CC: You're more of a track rider then a road racer, but how does this compare to road racing?

GC: I think that's the myth that people have with Zwift; it really doesn't compare in my mind. I think it's an entirely different game and an entirely different sport, if you will. If you get your head around that and focus on learning the video game aspect of Zwift, you will find a lot more success. I think the whole world and the women's peloton is learning that. I'm learning every time I am on the game, and that's one of the unique factors about Zwift; that it's not a road race.


The 78 rider men's race also had a number of top riders on the start list, including France's Jordan Sarrou; Belgium's Eli Iserbyt and Victor Campenaerts; Great Britain's Ed Clancy and Tom Pidcock; and Canadian triathlete and Hour Record holder Lionel Sanders. In addition to Dal-Cin and Sanders, the Canadian team included Pier-André Côté, Jordan Cheyne and Charles-Étienne Chrétien.

Similar to the women's race, the field was initially whittled down by attrition, with the Canadian men particularly aggressive. Cheyne, Sanders and Côté took multiple turns at the front stretching things out, while Dal-Cin - a stage winner in the virtual Tour de France earlier in the year - sat in.

Once again, it came down to the final climb; Campenaerts started the action, but then Osborne - a rower with the German national team - exploded to the front, using power ups on the steepest section and an aero boost on the final 250 metres of flat to win. The German pumped out an incredible 12 watts/kilogram on the steepest section.

Dal-Cin moved into second with 750 metres to go, and was still holding the silver medal spot until the final 200 metres or so when he was swarmed. Côté finished 19th, Sanders 30th, Cheyne 41st and Chrétien 48th.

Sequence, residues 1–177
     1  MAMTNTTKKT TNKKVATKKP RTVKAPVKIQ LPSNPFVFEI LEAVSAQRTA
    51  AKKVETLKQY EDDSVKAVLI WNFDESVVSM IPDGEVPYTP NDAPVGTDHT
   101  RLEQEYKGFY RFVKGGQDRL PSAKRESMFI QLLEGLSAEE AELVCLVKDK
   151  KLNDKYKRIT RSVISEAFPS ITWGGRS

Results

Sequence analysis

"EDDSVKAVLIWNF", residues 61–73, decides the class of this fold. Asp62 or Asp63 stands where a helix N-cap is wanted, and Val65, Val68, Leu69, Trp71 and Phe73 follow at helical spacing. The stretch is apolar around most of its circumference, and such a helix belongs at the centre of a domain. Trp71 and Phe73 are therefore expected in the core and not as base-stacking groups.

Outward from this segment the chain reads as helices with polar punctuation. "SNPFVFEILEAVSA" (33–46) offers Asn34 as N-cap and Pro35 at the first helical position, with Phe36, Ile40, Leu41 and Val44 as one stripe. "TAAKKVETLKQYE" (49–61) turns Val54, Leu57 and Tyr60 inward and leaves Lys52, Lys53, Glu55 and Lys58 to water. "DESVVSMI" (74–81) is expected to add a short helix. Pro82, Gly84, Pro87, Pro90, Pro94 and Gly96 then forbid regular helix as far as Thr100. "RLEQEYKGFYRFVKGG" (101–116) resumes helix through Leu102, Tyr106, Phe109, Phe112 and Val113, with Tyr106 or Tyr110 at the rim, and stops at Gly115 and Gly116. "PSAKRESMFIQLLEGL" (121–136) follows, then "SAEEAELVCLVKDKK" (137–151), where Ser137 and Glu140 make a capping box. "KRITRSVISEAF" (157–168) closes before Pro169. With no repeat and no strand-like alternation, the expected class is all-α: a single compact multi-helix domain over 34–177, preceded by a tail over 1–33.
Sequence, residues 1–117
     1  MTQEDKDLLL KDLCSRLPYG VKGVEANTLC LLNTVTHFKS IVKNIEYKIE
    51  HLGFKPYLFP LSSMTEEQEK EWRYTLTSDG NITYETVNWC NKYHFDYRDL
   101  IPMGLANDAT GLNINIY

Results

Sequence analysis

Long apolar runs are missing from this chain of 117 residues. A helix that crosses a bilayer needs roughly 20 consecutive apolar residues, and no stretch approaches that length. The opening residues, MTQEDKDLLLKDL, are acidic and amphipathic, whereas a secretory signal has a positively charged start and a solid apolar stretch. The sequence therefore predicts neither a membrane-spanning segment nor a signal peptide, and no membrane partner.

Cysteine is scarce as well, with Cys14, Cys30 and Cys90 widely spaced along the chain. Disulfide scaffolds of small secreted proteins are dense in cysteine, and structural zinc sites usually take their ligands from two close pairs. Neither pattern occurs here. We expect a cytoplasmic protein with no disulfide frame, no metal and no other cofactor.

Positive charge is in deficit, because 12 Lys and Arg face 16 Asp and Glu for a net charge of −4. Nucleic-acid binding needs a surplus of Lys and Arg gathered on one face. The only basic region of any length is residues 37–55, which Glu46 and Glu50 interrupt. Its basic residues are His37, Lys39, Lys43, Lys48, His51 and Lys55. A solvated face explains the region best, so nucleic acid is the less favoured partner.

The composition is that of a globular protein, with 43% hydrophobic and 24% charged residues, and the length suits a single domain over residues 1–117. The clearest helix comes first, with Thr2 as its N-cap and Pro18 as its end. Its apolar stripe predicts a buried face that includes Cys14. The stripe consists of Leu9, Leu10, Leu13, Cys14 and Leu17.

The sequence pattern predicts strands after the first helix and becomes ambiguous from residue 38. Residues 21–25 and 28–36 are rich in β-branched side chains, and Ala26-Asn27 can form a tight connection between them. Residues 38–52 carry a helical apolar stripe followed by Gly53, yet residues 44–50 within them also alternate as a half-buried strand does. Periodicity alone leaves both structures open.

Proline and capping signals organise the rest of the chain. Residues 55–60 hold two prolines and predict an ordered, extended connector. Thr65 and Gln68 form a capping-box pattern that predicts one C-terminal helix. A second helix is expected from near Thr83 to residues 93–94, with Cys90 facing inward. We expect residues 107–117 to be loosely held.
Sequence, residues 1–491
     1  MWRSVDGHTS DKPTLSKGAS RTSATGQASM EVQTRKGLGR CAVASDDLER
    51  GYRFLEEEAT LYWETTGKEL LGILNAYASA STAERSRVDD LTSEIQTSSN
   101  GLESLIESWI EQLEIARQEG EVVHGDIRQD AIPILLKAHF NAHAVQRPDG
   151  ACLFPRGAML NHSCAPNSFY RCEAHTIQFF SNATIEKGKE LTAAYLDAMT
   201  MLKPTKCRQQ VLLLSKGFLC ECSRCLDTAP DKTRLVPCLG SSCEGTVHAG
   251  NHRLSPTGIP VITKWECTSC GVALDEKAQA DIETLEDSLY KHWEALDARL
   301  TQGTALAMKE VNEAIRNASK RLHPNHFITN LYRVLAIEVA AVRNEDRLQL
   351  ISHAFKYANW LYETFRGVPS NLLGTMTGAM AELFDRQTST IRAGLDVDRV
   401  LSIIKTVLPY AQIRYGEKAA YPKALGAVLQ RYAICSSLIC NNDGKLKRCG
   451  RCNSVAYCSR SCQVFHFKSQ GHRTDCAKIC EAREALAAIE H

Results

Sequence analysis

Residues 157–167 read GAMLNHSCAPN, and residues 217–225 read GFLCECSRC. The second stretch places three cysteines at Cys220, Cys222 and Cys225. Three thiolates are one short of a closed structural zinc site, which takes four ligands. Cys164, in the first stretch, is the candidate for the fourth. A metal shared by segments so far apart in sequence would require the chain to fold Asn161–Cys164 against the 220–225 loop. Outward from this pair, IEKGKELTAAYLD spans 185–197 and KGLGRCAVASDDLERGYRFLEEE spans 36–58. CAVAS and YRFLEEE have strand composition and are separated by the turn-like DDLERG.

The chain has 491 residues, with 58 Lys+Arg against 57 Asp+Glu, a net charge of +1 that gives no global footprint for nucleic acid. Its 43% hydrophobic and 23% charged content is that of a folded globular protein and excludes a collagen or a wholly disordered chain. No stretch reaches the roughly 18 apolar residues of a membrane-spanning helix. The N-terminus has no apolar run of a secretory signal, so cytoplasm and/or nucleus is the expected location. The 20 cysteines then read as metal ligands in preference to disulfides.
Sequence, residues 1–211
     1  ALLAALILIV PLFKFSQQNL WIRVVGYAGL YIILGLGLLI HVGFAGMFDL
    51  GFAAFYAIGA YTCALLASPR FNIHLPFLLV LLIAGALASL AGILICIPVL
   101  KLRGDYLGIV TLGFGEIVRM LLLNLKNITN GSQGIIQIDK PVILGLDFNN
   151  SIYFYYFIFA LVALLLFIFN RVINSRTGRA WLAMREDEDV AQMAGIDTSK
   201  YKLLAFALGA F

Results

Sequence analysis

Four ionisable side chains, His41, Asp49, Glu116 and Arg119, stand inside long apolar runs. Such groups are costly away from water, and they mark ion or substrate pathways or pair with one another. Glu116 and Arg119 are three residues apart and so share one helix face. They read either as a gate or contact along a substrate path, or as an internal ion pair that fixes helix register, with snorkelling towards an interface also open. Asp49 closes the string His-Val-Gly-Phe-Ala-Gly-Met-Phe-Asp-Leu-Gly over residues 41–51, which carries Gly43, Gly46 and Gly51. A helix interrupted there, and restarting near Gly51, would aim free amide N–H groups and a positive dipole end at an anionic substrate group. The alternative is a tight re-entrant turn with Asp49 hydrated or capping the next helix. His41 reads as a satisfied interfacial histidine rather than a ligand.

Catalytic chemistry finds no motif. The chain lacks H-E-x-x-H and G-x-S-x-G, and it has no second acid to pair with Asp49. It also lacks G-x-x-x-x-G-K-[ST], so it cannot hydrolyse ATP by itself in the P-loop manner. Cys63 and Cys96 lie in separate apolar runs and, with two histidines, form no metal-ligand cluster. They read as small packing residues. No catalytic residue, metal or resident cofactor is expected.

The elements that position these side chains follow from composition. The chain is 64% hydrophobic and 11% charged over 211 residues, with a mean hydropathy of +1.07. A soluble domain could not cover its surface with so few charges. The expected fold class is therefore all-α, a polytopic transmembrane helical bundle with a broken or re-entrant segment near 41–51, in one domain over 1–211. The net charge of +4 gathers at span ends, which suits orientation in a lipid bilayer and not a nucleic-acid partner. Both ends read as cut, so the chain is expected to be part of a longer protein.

We spoke to Matteo - who rides for the Rally Pro Continental team - from Ottawa:

CC: First Esports Worlds - your impressions?

MDC: It was fast and furious, as you'd expect in a 50k Zwift race. It was tough; all the climbs were even more selective than normal with guys pushing the pace. But in terms of team tactics and how we raced as Team Canada, it couldn't have gone much smoother, I think. We executed the plan from the outset, so I'm super stoked.

CC: Tactics aren't what they would have been in a regular road race, so what were they?

MDC: There isn't an early breakaway, like you would normally see [in a road race]. The benefit of drafting is even more so then in real life, so we were trying to avoid missing any big splits, where you would then have to be on the back foot chasing. There were a few a points where we attempted to animate the race and maybe instigate a break. Everybody knew what they were doing and stayed on top of things, so nothing ended up sticking, but we tried to execute all the plans we had made pre-race and everyone on the team rode really, really well, and I was fortunate to have the opportunity to sit in and wait until the end and see what I could do on that last climb. I came up a bit short; I went with maybe 400 metres to go and it was looking pretty good; I was a bit cross-eyed but I thought I was second or third [second] and then I got rolled as I started tying up in the last 150, 200 metres. But I'm proud of the effort.